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A Collection of Poems Reflecting on the Myth of Independence

As we watch the fireworks this and every Fourth of July, we must remember to keep the voices of Indigenous and Black ancestors just as bright.

The following is a collection of poems that gesture towards a future that honors the voices of Indigenous and Black ancestors, and what they fought for, without erasing them.

Hughes’s poem “I, too” although written in 1925, challenges the ongoing racism that many experience to this day in America. He calls for equality for every American and exposes the hypocrisy of the unfulfilled promise of independence.


I, too

by Langston Hughes

I, too, sing America.

I am the darker brother.

They send me to eat in the kitchen

When company comes,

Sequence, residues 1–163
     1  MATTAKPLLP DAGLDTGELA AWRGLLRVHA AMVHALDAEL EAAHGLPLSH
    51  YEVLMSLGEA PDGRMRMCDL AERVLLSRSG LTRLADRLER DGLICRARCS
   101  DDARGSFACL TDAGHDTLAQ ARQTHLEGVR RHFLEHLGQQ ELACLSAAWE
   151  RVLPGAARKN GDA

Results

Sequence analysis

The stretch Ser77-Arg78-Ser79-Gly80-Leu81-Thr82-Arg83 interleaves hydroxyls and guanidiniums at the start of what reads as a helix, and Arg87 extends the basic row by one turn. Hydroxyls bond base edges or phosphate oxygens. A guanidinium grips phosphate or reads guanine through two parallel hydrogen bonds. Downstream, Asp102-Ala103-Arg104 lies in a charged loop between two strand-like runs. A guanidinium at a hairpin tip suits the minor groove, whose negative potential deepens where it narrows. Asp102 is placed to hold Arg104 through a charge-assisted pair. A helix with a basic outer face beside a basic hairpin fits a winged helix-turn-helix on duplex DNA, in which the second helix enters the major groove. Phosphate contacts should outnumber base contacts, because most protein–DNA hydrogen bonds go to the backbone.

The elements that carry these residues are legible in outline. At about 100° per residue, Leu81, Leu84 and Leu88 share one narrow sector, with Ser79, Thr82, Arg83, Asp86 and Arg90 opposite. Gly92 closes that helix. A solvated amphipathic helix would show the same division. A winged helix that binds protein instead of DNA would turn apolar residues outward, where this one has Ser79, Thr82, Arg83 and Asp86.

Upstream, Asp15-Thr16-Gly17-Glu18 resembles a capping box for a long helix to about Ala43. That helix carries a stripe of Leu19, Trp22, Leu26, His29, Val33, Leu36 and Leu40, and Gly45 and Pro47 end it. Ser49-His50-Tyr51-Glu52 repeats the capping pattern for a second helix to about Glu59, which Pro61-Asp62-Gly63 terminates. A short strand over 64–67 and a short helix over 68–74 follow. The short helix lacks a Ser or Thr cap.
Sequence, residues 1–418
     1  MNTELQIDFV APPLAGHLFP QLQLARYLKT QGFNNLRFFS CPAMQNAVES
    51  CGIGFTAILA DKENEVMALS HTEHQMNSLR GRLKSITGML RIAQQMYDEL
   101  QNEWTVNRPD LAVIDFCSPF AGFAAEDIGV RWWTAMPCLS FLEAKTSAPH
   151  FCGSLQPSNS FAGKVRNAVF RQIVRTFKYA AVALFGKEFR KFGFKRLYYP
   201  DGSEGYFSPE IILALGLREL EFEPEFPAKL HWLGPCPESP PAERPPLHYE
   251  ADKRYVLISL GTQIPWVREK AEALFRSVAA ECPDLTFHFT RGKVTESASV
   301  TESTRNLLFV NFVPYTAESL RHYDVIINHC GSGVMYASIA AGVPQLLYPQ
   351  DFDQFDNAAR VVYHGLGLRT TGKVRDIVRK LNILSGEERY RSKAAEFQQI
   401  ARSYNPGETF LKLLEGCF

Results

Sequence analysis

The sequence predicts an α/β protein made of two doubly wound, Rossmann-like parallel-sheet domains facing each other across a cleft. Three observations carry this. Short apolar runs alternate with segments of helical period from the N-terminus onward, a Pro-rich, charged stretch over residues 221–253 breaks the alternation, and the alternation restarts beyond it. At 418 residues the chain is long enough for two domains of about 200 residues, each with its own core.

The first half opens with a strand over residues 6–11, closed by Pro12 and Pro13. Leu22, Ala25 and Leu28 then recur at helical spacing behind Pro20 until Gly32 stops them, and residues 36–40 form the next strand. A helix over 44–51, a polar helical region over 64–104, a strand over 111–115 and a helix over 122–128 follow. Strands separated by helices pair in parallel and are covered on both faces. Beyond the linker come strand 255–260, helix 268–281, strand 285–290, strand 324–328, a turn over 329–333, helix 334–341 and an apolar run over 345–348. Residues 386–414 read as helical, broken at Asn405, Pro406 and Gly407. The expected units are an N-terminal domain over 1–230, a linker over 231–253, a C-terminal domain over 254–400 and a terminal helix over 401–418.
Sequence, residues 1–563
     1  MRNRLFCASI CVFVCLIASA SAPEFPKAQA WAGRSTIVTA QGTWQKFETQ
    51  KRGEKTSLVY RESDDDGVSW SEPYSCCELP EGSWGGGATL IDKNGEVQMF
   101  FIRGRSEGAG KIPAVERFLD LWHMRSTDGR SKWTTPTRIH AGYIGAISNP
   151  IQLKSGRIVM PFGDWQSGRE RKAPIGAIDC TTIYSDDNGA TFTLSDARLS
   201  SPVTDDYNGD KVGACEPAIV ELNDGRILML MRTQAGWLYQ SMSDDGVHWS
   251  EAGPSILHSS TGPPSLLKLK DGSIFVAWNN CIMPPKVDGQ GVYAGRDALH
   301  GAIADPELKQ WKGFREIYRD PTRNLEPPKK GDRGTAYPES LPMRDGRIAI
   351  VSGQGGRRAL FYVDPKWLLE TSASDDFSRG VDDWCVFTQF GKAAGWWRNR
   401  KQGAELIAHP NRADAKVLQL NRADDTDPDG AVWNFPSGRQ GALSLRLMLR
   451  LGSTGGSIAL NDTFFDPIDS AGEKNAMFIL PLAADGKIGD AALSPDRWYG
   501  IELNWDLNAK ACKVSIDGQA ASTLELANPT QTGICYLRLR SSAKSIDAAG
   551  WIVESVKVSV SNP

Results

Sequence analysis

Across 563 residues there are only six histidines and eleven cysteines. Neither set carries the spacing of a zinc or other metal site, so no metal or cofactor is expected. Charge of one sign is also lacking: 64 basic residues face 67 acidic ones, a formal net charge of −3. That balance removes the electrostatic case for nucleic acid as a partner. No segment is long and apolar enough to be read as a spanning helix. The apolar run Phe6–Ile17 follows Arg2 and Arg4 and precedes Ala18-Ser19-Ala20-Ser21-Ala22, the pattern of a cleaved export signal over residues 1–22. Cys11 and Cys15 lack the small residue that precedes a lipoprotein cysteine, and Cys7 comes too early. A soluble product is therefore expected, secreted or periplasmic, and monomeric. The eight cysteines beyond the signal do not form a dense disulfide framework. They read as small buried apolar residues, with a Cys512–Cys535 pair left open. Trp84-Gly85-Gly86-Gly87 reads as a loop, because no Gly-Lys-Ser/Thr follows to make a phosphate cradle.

But I laugh,

And eat well,

And grow strong.

Tomorrow,

I’ll be at the table

When company comes.

Nobody’ll dare

Say to me,

“Eat in the kitchen,”

Then.

Besides,

They’ll see how beautiful I am

And be ashamed—

I, too, am America.

Published at the height of the Civil Rights Movement, Brooks represents a rebellious and defiant group. Rebellion, however, is sometimes necessary for fighting for change. And change can come from anyone if we only have the courage to rebel against oppression and prejudice.

We real cool

by Gwendolyn Brooks